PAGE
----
A Frustrating Update on Transit Expansion Plans

The TTC Board received an update from City and TTC staff on the status of major transit expansion plans in Toronto at its meeting of September 28. The presentation was largely delivered by Deputy City Manager John Livey with backup from Mitch Stambler, TTC’s Head of Service Planning. Also at the table, but notable for her silence, was the Toronto’s Chief Planner Jennifer Keesmaat. A contingent from Metrolinx, another agency studying transit expansion, was in the public gallery, but they did not participate in the presentation or discussion.

This session was a prologue for a report coming to Toronto’s Executive Committee on October 20, 2015, but a great deal of detail remains to be fleshed out. This proved frustrating for the Board members on two counts. First, the lack of detail prevented the TTC from making informed comment on the plans, and second, the process itself has largely bypassed the TTC Board and concentrated work at the City and Metrolinx.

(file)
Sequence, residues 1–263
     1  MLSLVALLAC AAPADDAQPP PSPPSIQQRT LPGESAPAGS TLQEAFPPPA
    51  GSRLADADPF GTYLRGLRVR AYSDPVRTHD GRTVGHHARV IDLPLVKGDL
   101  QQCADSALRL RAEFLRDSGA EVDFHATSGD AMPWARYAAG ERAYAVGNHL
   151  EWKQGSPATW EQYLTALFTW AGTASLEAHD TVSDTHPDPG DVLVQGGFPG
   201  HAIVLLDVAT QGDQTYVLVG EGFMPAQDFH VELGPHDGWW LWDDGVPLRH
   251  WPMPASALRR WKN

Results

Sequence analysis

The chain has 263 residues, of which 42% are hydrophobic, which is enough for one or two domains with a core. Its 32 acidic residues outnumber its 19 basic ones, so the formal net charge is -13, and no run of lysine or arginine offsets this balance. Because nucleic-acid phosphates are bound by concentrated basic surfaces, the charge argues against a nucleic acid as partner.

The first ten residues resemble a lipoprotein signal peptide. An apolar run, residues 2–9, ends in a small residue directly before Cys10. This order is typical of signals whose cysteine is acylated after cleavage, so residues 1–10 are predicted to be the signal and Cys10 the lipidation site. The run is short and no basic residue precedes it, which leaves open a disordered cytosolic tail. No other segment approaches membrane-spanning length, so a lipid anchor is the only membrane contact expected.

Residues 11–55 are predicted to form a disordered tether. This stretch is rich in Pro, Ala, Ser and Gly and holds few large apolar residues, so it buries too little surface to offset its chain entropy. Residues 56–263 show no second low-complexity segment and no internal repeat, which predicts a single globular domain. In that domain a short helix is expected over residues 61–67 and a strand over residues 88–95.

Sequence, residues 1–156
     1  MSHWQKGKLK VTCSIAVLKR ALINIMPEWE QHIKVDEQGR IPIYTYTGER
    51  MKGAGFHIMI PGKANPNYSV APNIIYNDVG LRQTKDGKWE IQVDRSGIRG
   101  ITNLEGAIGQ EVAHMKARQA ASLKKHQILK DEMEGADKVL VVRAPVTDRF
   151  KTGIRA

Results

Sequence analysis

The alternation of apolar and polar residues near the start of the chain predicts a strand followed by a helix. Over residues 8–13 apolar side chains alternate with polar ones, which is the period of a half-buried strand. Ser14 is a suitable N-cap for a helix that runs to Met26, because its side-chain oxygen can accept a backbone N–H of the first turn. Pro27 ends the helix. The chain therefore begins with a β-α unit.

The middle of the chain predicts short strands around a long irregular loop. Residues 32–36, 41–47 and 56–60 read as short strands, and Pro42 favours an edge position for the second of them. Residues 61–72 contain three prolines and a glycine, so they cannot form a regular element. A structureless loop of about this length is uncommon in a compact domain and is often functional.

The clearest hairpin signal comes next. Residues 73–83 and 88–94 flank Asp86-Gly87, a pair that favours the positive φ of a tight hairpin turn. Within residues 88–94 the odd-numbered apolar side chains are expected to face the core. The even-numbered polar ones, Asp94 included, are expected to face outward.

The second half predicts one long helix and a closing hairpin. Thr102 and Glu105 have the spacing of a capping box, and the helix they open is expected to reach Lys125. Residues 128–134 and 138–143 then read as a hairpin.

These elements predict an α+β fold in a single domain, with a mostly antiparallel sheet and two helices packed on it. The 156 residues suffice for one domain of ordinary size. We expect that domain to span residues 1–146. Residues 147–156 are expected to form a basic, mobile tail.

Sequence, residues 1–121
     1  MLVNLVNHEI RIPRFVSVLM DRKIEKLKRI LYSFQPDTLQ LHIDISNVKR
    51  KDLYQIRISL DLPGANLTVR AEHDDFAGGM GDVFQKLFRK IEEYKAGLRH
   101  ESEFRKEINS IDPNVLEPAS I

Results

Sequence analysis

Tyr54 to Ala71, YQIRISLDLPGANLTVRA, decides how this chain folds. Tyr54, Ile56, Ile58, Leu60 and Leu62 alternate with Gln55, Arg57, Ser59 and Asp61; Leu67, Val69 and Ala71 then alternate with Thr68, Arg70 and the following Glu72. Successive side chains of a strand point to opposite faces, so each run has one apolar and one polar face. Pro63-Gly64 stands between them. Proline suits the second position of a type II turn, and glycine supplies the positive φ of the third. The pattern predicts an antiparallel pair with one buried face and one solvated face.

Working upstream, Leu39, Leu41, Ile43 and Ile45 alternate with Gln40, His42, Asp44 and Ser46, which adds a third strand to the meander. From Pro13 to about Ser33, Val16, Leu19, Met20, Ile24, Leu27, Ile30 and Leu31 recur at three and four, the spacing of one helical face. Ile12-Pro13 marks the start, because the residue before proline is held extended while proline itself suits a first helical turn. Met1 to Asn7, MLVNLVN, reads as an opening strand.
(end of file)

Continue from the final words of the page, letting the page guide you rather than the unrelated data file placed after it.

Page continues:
To some extent, the TTC has itself to blame for this situation. During the Ford/Stintz era, meaningful policy debates at the TTC were rare, and the TTC ceded responsibility for large scale planning to the City of Toronto under Keesmaat’s department. At the political level, staying informed about issues is a comparatively new desire by Board members (not to mention some members of City Council) when the issues are more complex than a dumbed-down subways-subways-subways mantra. They have a lot of catching up to do.

Detailed reports on four major projects will come before the TTC and Council over coming months, and these will inundate members with not only a great deal of information but force some hard decisions about just which projects, and at what scale, the City should pursue. These are: